Winnie the Welder, 1943


Maud Wagner, the first well know woman tattooist in the United States, 1907


Railroad workers at lunch. Many were the wives and even mothers of the men who left for war, 1943


Kathrine Switzer becomes the first woman to run the Boston Marathon, despite attempts by the marathon organizer to stop her, 1967


Marina Ginesta, a 17-year-old communist fighter, overlooking Barcelona during the Spanish Civil War, 1936


Female pilots leaving their B-17, “Pistol Packin’ Mama,” c. 1941


Photographer Margaret Bourke-White climbing the Chrysler Building, 1934


Komako Kimura, a prominent Japanese suffragist at a march in New York, 1917


A mason working gigh above Berlin, c. 1900


Jeanne Manford marches with her gay son during a Pride Parade, 1972


18 year old French Résistance fighter, Simone Segouin, during the liberation of Paris, 1944


The first women’s basketball team from Smith College, 1902


Ellen O’Neal, one of the first professional woman skaters, 1976

Via this post.

4 Chair Makeovers

Everybody’s got the thing that they have way too many of in their house, and for me that thing is chairs. I don’t know how it’s happened over the years, but we have seating for twenty in our house. You’d think we threw parties all the time, but really it’s that I have a soft spot for chairs.

Given my inability to pass a chair in the alley without bringing it home (“Yes, I see that it’s broken and water damaged and covered in mud, but look at those bones!”), I tend to also get swept up in the plethora of chair makeover ideas out there in internet land. Got a chair weakness of you own? Here are my five favorite chair makeover project ideas–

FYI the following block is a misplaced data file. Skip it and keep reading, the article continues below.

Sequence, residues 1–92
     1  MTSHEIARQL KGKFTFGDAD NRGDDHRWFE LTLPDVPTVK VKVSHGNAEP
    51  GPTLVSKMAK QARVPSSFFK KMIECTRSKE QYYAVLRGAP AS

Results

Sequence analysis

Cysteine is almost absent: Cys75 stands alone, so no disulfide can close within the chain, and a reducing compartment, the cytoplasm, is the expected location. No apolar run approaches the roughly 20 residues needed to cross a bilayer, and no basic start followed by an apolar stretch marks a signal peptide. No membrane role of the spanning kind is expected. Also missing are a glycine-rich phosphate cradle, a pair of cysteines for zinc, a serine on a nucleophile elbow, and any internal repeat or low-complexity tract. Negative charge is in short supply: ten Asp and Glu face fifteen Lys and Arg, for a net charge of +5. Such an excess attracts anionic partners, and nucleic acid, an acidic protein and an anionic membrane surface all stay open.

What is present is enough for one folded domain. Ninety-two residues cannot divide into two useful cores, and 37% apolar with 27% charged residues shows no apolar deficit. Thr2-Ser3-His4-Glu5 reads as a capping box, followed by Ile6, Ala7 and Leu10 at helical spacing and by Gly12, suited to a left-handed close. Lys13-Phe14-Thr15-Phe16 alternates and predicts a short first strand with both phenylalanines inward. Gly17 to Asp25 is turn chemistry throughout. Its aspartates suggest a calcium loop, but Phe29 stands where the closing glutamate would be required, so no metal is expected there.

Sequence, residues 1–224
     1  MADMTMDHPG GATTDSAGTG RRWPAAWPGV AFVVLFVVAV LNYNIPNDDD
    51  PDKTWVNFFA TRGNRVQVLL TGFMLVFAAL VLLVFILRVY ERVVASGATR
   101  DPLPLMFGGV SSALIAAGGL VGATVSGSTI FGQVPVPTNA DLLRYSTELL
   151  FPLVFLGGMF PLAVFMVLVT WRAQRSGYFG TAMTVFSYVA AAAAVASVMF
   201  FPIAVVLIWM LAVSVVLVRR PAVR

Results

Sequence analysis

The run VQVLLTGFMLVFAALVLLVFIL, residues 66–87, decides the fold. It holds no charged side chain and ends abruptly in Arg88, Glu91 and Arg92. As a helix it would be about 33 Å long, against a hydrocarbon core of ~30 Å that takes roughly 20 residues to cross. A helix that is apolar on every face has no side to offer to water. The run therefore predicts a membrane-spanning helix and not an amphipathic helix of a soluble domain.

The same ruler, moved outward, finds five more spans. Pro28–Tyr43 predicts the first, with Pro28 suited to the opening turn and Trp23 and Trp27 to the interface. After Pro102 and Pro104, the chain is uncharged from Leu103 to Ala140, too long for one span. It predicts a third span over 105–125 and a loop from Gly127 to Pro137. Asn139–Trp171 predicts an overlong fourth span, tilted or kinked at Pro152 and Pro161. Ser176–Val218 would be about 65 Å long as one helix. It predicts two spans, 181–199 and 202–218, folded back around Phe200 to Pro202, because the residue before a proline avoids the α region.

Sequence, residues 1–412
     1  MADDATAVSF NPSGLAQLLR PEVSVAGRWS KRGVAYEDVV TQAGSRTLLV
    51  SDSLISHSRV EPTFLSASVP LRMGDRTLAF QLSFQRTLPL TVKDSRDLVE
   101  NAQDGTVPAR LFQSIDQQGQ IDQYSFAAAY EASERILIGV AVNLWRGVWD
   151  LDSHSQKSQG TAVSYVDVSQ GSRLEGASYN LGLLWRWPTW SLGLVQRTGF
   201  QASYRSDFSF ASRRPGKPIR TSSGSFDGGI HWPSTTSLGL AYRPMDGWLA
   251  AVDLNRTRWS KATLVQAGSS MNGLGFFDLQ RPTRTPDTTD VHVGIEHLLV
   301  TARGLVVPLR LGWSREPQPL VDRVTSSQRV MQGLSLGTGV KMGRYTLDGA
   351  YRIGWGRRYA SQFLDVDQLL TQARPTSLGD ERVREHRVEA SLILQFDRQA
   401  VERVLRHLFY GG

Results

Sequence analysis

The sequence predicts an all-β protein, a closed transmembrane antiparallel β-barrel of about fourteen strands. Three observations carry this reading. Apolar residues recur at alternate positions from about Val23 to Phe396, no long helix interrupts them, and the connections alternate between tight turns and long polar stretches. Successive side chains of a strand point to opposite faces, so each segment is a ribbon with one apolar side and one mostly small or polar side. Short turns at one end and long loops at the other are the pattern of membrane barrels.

1. Wool Blanket ReupholsteryI love that this project blends two totally classic, midcentury looks– a Pendleton blanket and white Burke chair. Sometimes the “reupholster with this gimmicky thing” projects are annoying, but the blanket has such a graphic look to it, it’s almost hard to place what it was originally, and the rounded lines of the chair are a fun contrast to the horizontal stripes.

2. Folding Chair FaceliftThe painted folding chair phenomenon is all over the internet. Though I generally try to avoid projects that rely on spray paint, a friend of mine painted a handful of folding chairs when she got married last summer, sprinkling them throughout the rest of the seating for a super cute effect. It was sweet and simple, and now her guests have a happy place to rest their rears during the holidays.

3. DIY Woven Chair I love the heck out of this project. I have such a weakness for aluminum patio chairs, and even though we have four of our own, it’s hard to pass them up. Now whenever I see a ratty one with a still-good frame, I just know the image of this woven little beauty is going to dance through my head.